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Salon Software vs. Systems: What's Right For You?

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Despite the growing prevalence of automation in industries such as food service and healthcare, the beauty industry is still experiencing some apprehension in adopting these services. However, there are numerous options and solutions that can help salon owners and independent stylists save both time and money..

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If you’re struggling with administrative tasks in your business, but are unsure of your options, here’s an overview of what salon software and automation systems are, as well as what to consider when choosing which tool to implement in your salon.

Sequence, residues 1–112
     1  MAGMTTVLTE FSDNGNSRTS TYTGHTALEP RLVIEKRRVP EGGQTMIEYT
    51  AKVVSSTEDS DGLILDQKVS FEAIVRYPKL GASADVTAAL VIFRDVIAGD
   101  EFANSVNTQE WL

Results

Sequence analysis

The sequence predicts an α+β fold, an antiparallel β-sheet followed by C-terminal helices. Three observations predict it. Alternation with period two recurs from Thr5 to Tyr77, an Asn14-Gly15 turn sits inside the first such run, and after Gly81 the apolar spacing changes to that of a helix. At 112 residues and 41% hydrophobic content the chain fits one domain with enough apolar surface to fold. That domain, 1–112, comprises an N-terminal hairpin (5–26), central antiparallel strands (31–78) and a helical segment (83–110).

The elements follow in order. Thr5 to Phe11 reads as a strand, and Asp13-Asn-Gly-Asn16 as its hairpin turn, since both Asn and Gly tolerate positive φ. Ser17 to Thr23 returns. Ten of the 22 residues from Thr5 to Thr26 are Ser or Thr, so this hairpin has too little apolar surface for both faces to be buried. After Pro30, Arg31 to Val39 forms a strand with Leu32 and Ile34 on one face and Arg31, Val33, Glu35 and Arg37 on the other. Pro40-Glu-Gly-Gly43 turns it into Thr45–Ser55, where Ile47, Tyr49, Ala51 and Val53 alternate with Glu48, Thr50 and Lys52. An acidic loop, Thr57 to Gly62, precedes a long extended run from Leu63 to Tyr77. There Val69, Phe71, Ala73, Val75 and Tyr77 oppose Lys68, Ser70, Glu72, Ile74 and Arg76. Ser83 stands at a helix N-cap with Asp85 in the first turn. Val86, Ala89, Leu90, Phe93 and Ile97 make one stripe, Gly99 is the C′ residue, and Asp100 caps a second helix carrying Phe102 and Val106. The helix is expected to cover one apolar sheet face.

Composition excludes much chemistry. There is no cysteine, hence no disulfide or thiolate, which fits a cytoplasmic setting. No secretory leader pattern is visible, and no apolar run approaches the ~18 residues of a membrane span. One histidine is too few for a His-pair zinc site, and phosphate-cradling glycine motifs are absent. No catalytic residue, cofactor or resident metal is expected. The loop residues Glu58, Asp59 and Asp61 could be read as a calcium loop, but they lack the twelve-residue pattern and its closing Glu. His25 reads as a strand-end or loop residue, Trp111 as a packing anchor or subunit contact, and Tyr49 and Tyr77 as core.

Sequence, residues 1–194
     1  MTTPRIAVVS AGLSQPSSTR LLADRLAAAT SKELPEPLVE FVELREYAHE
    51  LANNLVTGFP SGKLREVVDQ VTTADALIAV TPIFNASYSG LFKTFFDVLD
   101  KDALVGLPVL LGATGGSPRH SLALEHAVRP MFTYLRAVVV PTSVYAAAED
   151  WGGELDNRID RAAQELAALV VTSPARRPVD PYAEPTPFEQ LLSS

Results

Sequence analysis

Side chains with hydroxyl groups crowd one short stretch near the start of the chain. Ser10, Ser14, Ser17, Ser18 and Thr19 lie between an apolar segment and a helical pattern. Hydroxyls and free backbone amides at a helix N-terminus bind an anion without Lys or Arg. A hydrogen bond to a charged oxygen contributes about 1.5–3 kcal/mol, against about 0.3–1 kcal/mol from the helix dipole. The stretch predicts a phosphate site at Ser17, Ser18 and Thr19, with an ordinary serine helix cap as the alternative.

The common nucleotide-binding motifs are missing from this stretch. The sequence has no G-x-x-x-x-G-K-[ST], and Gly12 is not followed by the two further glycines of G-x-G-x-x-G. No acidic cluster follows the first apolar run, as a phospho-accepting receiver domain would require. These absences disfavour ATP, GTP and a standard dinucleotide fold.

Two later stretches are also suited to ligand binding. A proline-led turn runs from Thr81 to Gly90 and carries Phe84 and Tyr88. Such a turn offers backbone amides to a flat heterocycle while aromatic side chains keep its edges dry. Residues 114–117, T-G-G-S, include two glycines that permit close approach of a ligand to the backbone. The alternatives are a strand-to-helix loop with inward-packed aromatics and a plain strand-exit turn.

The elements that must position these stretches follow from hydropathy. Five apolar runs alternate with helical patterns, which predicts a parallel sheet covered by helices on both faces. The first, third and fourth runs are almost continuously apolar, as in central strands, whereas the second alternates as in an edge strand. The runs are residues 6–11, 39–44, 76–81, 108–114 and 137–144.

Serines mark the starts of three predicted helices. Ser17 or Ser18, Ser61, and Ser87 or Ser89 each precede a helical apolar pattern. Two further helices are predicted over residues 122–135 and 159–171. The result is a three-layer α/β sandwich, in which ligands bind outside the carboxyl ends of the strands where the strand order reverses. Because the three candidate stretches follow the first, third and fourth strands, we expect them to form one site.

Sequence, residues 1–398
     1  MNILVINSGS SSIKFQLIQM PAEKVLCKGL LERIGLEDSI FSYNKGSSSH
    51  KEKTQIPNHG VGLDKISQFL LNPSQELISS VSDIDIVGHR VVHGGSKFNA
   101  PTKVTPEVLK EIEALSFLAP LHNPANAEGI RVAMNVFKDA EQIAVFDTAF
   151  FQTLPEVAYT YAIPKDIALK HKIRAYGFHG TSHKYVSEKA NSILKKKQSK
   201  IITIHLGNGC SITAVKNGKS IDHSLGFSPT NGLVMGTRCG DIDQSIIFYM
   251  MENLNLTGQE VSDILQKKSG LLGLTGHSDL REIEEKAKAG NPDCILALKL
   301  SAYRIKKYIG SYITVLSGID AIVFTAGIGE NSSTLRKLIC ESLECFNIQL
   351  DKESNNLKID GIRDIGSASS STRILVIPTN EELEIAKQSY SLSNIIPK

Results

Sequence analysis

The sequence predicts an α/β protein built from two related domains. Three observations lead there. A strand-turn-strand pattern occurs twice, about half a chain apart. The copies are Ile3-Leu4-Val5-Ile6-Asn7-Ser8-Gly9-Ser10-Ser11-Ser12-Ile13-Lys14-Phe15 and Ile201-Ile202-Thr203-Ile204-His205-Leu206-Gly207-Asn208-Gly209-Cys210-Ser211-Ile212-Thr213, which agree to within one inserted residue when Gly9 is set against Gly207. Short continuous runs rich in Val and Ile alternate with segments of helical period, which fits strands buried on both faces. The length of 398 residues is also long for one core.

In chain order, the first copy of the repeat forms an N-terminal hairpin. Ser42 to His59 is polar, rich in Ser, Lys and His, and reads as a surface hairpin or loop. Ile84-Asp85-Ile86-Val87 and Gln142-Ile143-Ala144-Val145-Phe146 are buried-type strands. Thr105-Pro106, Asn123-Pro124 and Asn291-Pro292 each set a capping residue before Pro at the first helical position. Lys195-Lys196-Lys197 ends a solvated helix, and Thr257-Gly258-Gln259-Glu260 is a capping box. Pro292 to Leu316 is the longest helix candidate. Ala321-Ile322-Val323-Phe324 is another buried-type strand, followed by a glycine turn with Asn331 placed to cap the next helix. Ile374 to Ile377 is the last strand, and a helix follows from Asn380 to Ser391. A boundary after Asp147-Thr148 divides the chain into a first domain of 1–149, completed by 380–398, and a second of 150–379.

What Is Salon Software?

Salon software is any tool that helps salon owners manage their business operations, including:

  • Client communications
  • Online booking
  • Employee management
  • Policy regulation
  • Marketing/promotional communications
  • Payment capture
  • And more

In response to the pandemic, as well as the growing number of independent stylists and salon owners trying to manage work-life balance, the salon management software market has experienced a recent surge. There’s an abundance of options to choose from, but very little guidance on what suits your business needs.

While these software solutions can make your life easier, there are alternatives to purchasing these tools. One great example of this is creating administrative automation systems to mimic the benefits of management software.

What Are Salon Automation Systems?